A comparison of quadrat, capacitance meter, HFRO sward stick, and rising plate for estimating herbage mass in a smooth-stalked, meadowgrass-dominant white clover sward
Article first published online: 27 APR 2006
Grass and Forage Science
Volume 50, Issue 4, pages 452–455, December 1995
How to Cite
MURPHY, W. M., SILMAN, J. P. and BARRETO, A. D. M. (1995), A comparison of quadrat, capacitance meter, HFRO sward stick, and rising plate for estimating herbage mass in a smooth-stalked, meadowgrass-dominant white clover sward. Grass and Forage Science, 50: 452–455. doi: 10.1111/j.1365-2494.1995.tb02340.x
- Issue published online: 27 APR 2006
- Article first published online: 27 APR 2006
- Received 7 February 1992, Revised 2 February 1995
A single-probe capacitance meter (Pasture Probe), the Hill Farm Research Organization (HFRO) sward stick, a rising-plate meter, and cut quadrats were used to estimate herbage mass of swards that were rotationally grazed by cattle, cattle followed by topping, cattle followed by sheep, or sheep alone during 1989 and 1990 grazing seasons. Mean target pre- and post-grazing herbage masses were 2200 and 1100 kg dry matter (DM) ha−1 respectively. Linear regressions, correlations and scatterplots were calculated relating meter and sward stick readings to herbage mass on an ash-free organic matter basis measured by cutting quadrats of herbage at ground level.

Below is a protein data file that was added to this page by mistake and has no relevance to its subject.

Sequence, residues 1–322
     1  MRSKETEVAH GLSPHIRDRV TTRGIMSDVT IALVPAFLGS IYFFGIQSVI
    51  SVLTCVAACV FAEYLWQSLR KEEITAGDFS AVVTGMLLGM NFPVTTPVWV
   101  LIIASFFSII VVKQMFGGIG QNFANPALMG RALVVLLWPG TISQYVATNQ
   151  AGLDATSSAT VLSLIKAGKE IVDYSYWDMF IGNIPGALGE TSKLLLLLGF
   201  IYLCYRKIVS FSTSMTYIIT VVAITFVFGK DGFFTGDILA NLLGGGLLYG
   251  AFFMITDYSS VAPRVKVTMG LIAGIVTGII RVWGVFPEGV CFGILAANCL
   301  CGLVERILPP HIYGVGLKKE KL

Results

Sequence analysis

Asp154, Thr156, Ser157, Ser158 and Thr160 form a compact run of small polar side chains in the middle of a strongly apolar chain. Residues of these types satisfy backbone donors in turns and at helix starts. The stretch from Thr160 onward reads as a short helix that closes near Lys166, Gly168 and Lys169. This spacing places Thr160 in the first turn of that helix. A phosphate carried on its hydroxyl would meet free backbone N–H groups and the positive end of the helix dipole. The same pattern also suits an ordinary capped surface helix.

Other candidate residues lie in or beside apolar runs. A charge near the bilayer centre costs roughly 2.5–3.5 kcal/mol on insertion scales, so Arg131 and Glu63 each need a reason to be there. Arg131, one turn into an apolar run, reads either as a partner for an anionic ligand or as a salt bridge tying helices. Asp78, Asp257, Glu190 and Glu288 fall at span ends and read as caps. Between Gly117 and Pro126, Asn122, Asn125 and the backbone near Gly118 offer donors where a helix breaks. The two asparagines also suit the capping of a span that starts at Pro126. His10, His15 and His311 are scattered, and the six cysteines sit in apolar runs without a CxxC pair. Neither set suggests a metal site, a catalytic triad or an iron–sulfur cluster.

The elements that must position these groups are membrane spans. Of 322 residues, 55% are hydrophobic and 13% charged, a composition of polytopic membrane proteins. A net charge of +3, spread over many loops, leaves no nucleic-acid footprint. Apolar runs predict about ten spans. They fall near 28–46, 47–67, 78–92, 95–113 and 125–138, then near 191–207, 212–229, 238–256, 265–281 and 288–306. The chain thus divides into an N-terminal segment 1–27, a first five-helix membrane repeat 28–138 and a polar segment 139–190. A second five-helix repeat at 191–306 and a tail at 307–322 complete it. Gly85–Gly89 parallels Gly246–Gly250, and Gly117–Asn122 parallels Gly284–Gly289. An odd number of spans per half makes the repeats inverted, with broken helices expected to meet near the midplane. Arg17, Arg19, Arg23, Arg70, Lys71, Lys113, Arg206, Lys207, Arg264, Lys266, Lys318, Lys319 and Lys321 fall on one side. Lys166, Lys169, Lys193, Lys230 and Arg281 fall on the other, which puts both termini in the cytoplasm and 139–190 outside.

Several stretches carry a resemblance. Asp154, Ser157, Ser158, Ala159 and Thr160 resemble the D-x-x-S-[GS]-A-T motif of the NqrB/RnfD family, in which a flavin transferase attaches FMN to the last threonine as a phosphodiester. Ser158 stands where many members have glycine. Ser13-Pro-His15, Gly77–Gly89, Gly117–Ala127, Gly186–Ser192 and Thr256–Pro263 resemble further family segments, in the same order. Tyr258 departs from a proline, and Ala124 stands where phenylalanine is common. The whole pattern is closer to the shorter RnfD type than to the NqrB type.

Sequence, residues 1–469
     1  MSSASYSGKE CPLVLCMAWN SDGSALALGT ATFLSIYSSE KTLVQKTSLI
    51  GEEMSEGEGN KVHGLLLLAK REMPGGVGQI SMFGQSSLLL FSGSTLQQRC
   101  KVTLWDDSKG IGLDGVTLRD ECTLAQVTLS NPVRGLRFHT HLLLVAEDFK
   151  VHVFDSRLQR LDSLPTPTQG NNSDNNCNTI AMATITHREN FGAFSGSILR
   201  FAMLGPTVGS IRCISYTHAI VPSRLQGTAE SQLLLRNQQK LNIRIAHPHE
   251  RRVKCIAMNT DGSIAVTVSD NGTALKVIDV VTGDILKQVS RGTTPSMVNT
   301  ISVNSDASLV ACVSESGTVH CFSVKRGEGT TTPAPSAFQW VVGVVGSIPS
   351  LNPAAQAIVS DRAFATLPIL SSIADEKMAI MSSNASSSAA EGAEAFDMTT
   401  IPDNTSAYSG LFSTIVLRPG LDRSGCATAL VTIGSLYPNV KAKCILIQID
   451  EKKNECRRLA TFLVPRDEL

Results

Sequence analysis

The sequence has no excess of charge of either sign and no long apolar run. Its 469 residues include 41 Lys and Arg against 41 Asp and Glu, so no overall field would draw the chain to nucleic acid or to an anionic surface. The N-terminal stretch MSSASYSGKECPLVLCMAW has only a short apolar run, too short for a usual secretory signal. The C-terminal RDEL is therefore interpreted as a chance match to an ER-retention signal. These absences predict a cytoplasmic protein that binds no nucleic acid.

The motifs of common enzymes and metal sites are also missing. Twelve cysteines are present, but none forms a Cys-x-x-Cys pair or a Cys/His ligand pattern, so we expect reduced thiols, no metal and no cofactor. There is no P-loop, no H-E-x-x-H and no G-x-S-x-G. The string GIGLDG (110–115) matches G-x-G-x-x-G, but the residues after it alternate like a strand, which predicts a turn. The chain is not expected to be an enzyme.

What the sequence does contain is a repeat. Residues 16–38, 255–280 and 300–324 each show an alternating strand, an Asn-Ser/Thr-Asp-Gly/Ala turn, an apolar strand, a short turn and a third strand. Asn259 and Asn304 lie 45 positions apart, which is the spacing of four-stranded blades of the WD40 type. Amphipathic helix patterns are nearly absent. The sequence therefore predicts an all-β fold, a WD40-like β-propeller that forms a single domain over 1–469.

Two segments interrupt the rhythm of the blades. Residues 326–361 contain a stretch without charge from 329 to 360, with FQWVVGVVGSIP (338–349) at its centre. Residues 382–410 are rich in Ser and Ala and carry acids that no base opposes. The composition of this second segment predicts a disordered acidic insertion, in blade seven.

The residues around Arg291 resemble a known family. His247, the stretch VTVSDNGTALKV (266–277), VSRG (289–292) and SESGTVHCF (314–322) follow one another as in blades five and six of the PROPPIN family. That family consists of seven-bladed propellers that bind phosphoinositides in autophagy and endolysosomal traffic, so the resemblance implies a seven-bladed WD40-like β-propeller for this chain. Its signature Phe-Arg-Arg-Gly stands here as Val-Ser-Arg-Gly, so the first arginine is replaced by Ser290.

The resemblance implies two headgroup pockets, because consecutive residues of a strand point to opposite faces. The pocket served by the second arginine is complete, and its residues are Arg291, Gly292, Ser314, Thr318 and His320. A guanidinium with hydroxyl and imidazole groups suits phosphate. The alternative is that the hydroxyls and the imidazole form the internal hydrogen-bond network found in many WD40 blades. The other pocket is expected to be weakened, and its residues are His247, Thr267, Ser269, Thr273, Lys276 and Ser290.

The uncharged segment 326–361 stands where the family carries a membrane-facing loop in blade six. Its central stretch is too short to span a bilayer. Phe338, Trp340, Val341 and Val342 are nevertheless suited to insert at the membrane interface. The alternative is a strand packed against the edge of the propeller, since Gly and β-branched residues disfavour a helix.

Mean coefficients of variation for quadrat, capacitance meter, sward stick and rising plate were 28·8, 15·5, 27·2 and 27·9% respectively for pre-grazing herbage mass measurements, and 20·2, 10·1, 21·4, and 18·4% respectively for post-grazing measurements. These coefficients indicate that the capacitance meter varied less in estimating pre- and postgrazing herbage mass than the other three methods.
Correlation coefficients relating cut quadrats to capacitance meter, sward stick and rising plate readings were 0·65, 0·70 and 0·72 for pre-grazing, and 0·36, 0·31 and 0·05 for post-grazing herbage mass measurements respectively.
The non-destructive methods provided quick herbage mass estimates at a level of precision adequate for making day-to-day grazing management decisions on farms.